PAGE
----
Sometime in the coming days, George W. Bush will hand down a list of nominees to fill ninety-nine vacancies in the federal courts. The federal judiciary as a whole is at stake in the fight that will follow. Bush sees the 50-50 Senate balance, with Vice President Cheney the tiebreaker, as a small window of opportunity for loading the benches with judges in the mold of his favorite Supreme Court Justices, Antonin Scalia and Clarence Thomas. The outcome will determine whether Republicans will transform the courts into a rubber stamp for their minority right-wing agenda.
The Supreme Court--whose recent actions include an attack on the Americans with Disabilities Act and its undermining of the Violence Against Women Act--remains the ultimate arena. Although its right-wing bloc has put its man in the White House, it should not be allowed thereby to insure its own succession. Because Bush lacks a mandate, there should be a moratorium on all High Court appointments until after the 2004 election. For the moment, however, immediate retirements appear unlikely, so the important campaign is in the lower courts.
Thanks to GOP obstruction of Bill Clinton's nominees, Republican-appointed judges are predominant in eight of the thirteen federal appellate circuits. Several of these circuits--the Fourth Circuit, located in Virginia, the Eleventh in the Deep South and others--are tipped in the direction of "strict constructionism," which means the most activist judiciary in memory. These circuits are already well outside the mainstream of American legal opinion. The Fourth Circuit's rulings, for instance, have so radically stripped the rights of criminal defendants that they have been repeatedly overturned in recent months even by the law-and-order Rehnquist Supreme Court.
The Administration has junked the American Bar Association's vetting of judicial candidates and turned this task over to conservative legal ideologues. Senate Republicans are trying to outflank Democratic opposition by jettisoning the practice of consulting with senators of the opposition party on political nominees from their states. Judiciary Committee chairman Orrin Hatch plans to abandon the tradition of requiring that nominees win the approval of both senators from their home state--a maneuver that will bring to the floor Bush nominees from the fourteen states with only one Democratic senator.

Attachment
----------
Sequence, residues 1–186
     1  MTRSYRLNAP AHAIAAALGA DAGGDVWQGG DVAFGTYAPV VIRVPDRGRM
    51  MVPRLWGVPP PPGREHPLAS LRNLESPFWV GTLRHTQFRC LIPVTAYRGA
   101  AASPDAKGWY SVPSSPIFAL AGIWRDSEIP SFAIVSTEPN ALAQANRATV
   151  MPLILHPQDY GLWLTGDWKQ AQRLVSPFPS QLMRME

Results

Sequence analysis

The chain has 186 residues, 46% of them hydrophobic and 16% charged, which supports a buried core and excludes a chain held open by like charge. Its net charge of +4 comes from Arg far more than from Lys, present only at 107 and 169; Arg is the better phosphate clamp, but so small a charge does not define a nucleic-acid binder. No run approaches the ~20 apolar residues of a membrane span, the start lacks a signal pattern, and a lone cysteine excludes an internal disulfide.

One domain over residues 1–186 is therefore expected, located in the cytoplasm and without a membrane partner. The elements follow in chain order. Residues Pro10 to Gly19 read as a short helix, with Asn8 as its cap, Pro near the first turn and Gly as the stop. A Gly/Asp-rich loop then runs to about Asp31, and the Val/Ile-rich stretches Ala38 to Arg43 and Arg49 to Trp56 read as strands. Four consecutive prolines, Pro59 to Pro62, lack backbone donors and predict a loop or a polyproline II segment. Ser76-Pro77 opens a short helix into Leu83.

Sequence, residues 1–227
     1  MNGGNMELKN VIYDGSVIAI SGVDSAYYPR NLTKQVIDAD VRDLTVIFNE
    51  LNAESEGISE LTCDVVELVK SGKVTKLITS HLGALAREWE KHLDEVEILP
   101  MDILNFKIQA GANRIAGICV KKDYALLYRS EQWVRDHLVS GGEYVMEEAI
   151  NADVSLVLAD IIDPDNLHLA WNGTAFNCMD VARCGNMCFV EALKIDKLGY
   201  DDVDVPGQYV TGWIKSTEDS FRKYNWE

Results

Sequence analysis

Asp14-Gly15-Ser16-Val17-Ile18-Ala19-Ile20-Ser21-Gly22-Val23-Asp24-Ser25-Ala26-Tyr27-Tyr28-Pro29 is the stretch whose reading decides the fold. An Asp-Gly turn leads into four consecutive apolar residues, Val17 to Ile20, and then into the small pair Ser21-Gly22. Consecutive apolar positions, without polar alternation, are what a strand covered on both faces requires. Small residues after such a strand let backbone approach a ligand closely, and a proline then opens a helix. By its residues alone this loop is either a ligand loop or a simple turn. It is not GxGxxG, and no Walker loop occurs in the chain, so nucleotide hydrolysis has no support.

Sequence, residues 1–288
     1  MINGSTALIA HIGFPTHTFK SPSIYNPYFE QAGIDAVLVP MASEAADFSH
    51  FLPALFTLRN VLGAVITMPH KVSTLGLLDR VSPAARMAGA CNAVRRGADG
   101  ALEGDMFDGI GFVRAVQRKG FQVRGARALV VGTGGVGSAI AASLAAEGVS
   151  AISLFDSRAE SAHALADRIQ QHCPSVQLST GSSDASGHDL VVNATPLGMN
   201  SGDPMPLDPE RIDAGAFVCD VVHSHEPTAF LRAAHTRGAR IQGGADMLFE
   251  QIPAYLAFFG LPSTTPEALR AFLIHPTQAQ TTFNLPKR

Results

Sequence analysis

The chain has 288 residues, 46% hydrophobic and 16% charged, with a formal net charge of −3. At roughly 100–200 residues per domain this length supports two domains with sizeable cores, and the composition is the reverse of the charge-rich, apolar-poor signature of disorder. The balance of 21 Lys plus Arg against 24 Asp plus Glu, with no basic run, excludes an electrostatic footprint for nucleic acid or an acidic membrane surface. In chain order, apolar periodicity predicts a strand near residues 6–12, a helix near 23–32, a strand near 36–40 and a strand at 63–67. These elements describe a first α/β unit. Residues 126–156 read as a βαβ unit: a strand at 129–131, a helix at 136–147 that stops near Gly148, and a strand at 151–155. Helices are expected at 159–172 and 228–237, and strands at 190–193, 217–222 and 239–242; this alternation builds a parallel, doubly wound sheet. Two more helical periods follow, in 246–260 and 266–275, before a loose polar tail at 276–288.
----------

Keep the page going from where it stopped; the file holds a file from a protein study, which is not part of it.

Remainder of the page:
With the Rehnquist Supremes taking ever fewer cases--only eighty this past term--the federal appeals courts are now increasingly the courts of last resort, and it is essential that Senate Democrats hold the line against further shifting the balance in those courts. There is nothing immoderate or partisan in Democrats--as well as independent-minded Republicans--using their advise and consent power to the fullest to reject any nominees for those circuits who cannot demonstrate substantive commitment to progress in civil rights, to women and to environmental and business regulation. Conservatives will accuse them of "Borking," but that distorts the meaning of the fight against Robert Bork's confirmation, which involved no more than an intensive scrutiny of the nominee's record and philosophy. The goal should be to block the Administration's avowed attempt to pack the federal bench with ideologues who would undercut environmental protection laws, roll back basic rights for all Americans and give the religious right's "morality" the force of law.
A federal district court recently blocked publication of Alice Randall's The Wind Done Gone, a parody of Margaret Mitchell's Gone With the Wind, ruling that the parody constituted plagiarism.
Section One--Reading Comprehension
Read the following literary excerpts. Pick the one that is not parody. Write an essay about why its publication should be enjoined.
a. "Ah's sceered of cows, Miss Scarlett. Ah ain' nebber had nuthin' ter do wid cows. Ah ain' no yard nigger. Ah's a house nigger."
"You're a fool nigger, and the worst day's work Pa ever did was to buy you," said Scarlett slowly, too tired for anger. "And if I ever get the use of my arm again I'll wear this whip out on you."
There, she thought, I've said nigger, and Mother wouldn't like that.
--Gone With the Wind
b. "Help me out of these wet things, Pansy," Scarlett ordered her maid. "Hurry." Her face was ghostly pale, it made her green eyes look darker, brighter, more frightening. The young black girl was clumsy with nervousness. "Hurry, I said. If you make me miss my train, I'll take a strap to you."
She couldn't do it. Pansy knew she couldn't do it. The slavery days were over, Miss Scarlett didn't own her, she could quit any time she wanted to.